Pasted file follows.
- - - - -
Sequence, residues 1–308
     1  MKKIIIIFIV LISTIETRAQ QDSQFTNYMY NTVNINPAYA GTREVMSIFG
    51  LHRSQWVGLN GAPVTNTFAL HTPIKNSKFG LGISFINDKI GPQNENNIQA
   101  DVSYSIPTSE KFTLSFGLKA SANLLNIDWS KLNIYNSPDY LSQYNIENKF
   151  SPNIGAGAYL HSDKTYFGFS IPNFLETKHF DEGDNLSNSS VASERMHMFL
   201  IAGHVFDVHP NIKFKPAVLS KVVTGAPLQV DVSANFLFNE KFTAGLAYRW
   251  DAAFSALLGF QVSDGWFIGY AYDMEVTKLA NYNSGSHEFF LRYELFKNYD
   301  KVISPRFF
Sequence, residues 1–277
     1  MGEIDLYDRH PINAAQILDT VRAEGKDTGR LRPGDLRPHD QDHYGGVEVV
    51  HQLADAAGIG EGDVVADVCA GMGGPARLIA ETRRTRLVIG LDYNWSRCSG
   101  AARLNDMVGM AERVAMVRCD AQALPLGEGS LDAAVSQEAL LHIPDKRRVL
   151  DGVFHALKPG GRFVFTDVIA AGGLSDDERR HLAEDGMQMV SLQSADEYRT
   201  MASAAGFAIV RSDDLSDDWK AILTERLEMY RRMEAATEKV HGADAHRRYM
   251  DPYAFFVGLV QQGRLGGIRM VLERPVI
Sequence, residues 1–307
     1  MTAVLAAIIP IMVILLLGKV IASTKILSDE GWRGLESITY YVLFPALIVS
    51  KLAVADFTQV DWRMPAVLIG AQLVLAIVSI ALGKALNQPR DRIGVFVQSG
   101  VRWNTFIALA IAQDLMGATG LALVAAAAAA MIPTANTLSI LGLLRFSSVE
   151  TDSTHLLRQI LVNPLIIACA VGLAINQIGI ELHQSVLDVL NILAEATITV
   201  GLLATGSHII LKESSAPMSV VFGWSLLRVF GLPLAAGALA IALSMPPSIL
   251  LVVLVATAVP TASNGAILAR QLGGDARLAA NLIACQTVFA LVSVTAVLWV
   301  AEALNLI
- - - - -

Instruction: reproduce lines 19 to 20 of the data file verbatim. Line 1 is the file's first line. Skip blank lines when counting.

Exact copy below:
   101  VRWNTFIALA IAQDLMGATG LALVAAAAAA MIPTANTLSI LGLLRFSSVE
   151  TDSTHLLRQI LVNPLIIACA VGLAINQIGI ELHQSVLDVL NILAEATITV